Many people like wrist-leashes because they limit the possibility of dropping the axe. Our guides prefer them for steep terrain. There are two downsides to the constant use of a leash. First, it adds time to a turn, because the axe must be on the uphill side of your body. Moving the wrist-leash from one hand to the other many hundreds of times throughout the day adds time to the clock. Second, if you fall and lose control of the axe, it may become a liability. The last thing that you want in a fall is to be punctured by the axe.

Some people like to attach the ice-axe leash to their harness. This is a very bad place to attach a leash. Any loss of control during a fall could lead to a catastrophic torso puncture injury.

People are very adamant about wanting to use a wrist-leash while climbing for fear of dropping the axe. But really, how common is it for a climber to drop an axe? Not common at all. An ice axe is like a mountaineer's weapon. How many soldiers in the heat of battle drop their weapons? While mountain climbing is definitely not as intense as a war, it can be a dangerous pursuit and most climbers are unlikely to drop the most important tool they carry.

In preparing this blog, I watched a number of videos about self-arrest techniques. There were quite a few bad examples and indeed, some that were just flat dangerous. If you practice self-arrest, always wear a helmet and do not attach the leash of the axe to yourself. Always practice in a place where there is a good run-out. And be conservative in your practice of the head-first/stomach technique as this is a very easy one to get hurt practicing

.--Jason D. Martin

Tuesday, September 3, 2013

Snow Climbing Techniques: The Stomper Belay

You pull up over the final crest and you're off the steep terrain. Time to build a belay. But what to do? What would be the fastest and effective?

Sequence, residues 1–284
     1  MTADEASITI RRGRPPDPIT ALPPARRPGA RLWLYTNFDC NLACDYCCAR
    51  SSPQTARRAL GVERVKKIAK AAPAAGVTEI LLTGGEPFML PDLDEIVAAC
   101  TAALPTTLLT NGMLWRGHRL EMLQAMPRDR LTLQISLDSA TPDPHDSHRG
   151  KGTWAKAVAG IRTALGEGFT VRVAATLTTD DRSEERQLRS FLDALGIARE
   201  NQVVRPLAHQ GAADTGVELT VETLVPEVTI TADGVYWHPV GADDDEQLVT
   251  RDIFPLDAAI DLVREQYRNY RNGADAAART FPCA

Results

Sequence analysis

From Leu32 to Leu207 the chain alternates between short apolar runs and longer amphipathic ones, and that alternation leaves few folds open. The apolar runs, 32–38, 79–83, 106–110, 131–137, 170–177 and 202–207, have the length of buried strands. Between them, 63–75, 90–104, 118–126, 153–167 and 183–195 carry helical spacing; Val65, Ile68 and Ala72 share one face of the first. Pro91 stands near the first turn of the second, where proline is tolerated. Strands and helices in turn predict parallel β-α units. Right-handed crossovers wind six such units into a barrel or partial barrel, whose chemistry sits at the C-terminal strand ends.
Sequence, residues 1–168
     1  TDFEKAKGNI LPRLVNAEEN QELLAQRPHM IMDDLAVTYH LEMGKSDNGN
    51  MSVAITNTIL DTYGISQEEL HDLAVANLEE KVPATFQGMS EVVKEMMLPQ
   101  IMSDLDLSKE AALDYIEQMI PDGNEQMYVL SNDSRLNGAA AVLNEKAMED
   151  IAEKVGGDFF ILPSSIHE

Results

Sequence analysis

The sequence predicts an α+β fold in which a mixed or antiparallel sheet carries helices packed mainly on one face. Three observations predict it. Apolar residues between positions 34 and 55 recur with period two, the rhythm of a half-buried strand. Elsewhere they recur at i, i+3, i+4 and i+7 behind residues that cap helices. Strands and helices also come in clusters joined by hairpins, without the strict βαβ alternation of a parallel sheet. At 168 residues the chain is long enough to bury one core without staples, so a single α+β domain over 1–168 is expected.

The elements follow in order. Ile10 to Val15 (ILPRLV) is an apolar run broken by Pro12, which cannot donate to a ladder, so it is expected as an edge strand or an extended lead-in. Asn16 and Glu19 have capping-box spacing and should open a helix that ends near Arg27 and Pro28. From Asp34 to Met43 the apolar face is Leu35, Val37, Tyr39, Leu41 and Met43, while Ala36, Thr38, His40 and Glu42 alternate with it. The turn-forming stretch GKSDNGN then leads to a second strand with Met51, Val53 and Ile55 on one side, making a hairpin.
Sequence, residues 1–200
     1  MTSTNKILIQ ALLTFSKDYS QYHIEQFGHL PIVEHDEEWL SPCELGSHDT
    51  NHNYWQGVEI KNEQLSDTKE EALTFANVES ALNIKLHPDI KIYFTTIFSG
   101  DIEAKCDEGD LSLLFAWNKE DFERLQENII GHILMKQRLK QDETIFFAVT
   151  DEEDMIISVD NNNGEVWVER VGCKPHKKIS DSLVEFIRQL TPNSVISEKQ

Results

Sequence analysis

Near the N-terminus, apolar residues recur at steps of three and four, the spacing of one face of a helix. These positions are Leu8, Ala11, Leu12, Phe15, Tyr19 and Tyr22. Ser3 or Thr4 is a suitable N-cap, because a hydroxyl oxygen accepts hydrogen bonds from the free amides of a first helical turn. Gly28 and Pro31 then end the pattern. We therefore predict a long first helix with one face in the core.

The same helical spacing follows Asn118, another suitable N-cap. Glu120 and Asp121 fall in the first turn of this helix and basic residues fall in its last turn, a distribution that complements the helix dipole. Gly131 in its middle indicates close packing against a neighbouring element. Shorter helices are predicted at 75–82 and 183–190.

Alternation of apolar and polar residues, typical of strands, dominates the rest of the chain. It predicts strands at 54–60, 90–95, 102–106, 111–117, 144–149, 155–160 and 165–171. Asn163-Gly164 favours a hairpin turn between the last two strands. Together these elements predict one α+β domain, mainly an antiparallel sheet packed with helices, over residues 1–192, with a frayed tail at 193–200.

One very quick technique is the stomper belay, also known as the carabiner/ice-axe belay. This technique takes mere moments to employ and is very effective in places where it is easy and safe to stand.

To set-up this belay, stomp your ice axe into the snow. Clip a carabiner to the head of the axe and then clip the rope to the carabiner. Step on top of the axe to hold it in and then belay off your body using a hip belay, a shoulder belay or a device off your harness.

In the following photo, IFMGA guide and AAI lead guide trainer, Mike Powers, demonstrates a stomper belay on low-angle snow for a guide training. Note that he is using a hip belay, with the rope to the climber redirected off the top of the ice axe.



In this second photo, Mike demonstrates a stomper belay with a shoulder belay. Shoulder belays are almost never as effective as hip belays and indeed, it is a bit painful to hold a fall on a shoulder belay with a stomper belay, whereas one barely feels it when set-up on a hip belay.



The stomper belay is very effective when it comes to belaying high-angle snow from a low-angle position. In other words if you're on rolly terrain or at the top of the technical climbing, this technique is appropriate. It is not appropriate to do a stomper belay in the middle of a high angle section. This is primarily because the leader would not have a lot of security while standing in such terrain. A hip belay from a snow seat, or a sitting axe belay would be more appropriate.

One note of caution, the rope should always be clipped cleanly through a carabiner on the head of the axe. The rope should NEVER be set-up on the carabiner as a munter-hitch. There was a major accident in Canada when this was done inappropriately, and the rope ran from the climber to a munter-hitch on the head of the axe and then up to the hip-belay. And unfortunately, there were fatalities as a result of this mistake.

As with any new technique, it's good to practice in terrain where there are no consequences. Try the stomper belay with a partner on low angle terrain. Have your partner take mock falls and see how it feels. Try each of the different belay styles, off the hip, off the shoulder and off the harness and see what works best for you.

The stomper belay is a very nice little technique to have in your toolbox. When used correctly it is fast, efficient and very effective...

--Jason D. Martin